weren't feeling well so there was only a little progress, generally
improving the py.lib's story on win32.
The Tuesday began with a status meeting where we talked about what
we'd acheived the day before and basically decided that most of us
would carry on with the same things.
Armin, Mick and Gene, having broken all the rctypes tests the day
before, started to use the new 'extregistry' to get things to start
Nik, Michael and Samuele continued to move rtyper tests from being
lltypesystem-only to running on both typesystems, and implementing the
support thus required in the ootypesystem. The hardest part off this
was supporting class attributes, as this is not something we assume
the to-be-targeted supports natively (this wasn't finished until
Arre, Stuart and Anders implemented more Python 2.5 features, in
particular those described by PEP 343.
Bob and Richard played with the LLVM JIT. The hardest part of this
seemed to be working out which libraries to link against...
Later in the day Moshe and Michael played around with the stackless
features, in particular coroutines, and in the end made their play
into a new test.
By Wednesday, the sprint was thinning out, but a fair amount of work
still got done.
Samuele and Nik finished off and merged the short-lived ooclassattrs
branch, sorted out some exception issues and moved on to the feared topic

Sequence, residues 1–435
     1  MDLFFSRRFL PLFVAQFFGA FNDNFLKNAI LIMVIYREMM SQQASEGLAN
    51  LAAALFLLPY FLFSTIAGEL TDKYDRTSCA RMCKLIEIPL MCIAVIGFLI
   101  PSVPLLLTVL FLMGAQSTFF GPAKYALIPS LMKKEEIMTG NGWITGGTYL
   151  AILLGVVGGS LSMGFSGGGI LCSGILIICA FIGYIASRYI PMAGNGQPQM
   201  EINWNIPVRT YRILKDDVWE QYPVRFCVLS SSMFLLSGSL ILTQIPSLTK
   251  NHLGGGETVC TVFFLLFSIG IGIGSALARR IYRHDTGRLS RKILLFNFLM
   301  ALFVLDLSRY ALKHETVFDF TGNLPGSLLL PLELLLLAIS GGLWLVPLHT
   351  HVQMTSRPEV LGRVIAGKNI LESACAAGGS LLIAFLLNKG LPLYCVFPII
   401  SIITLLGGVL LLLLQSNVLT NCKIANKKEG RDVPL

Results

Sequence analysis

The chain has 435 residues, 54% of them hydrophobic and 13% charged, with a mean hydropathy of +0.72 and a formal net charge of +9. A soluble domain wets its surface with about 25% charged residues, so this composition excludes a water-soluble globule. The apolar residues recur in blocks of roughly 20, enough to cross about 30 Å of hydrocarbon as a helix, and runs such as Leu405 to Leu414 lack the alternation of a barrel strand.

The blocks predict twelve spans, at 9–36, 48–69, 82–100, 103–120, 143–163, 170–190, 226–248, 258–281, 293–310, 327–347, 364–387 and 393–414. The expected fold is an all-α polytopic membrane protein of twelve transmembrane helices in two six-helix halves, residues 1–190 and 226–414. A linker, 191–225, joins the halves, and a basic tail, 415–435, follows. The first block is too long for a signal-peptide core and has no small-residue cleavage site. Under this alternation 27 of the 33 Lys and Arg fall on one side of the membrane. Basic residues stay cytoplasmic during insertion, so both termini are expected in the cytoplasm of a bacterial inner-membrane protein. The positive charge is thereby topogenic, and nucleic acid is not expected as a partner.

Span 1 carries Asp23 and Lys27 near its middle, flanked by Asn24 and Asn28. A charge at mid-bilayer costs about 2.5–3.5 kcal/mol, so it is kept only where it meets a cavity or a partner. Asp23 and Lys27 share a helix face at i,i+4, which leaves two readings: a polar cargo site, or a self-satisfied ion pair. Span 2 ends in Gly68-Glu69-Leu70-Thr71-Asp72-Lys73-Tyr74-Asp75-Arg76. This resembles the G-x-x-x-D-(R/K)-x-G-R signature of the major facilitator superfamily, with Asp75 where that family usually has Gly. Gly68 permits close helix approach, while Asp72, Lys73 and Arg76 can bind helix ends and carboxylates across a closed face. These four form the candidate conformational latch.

of 'specialized methods' -- when one method in the input source
becomes more than one method in the backend's view. This didn't turn
out to be as bad as suspected, and by the end of the day the main thing the
ootypesystem lacked was an actual backend...
Richard took Michael on a quick tour of LLVM and then they both worked
on adding support for the various offset types to LLVM, a prerequisite
for LLVM being able to use the framework GCs.
Armin and Gene worked more on rctypes, using the work of the previous
two days to make it work again in a nicer and hopefully more
sustainable way than before.
Anders, Stuart and Arre worked on more Python 2.5 PEPs, finishing the
343 work and generally tidying some things up.
In the afternoon, Michael compiled a fresh Python from SVN HEAD (many
many new features had been implemented by the Python code sprint in
the room next door) and attempted to run the PyPy test suite with it.
This uncovered a number of problems both in PyPy and in Python, some
of which were easier to fix than others.
The sprinters who had lasted this long were mostly in shutdown mode by
now, with many of them flying out in the afternoon. There wasn't any
formal planning meeting. Some code was written anyway: Armin worked on
SpaceOperation.cleanup; Gene and Armin on rctypes specialization;
Samuele and Nik on __del__ support for ootypesystem; Arre, Anders
L. and Stuart on making the parser and compiler translatable again;
and Richard on running LLVM tests with the isolate tool.
Most people left during the afternoon. The remaining handful hung out
at the hotel pool and were later joined by people from other sprints
for a beer and pizza session. The PyCon organizers even pointed a
wireless router from one of their hotel rooms at the pool, for those
who couldn't stop sprinting even at 9 pm, lying in a deck chair,
typing single-handedly since one hand was clasping a beer ...
We'll be back next year!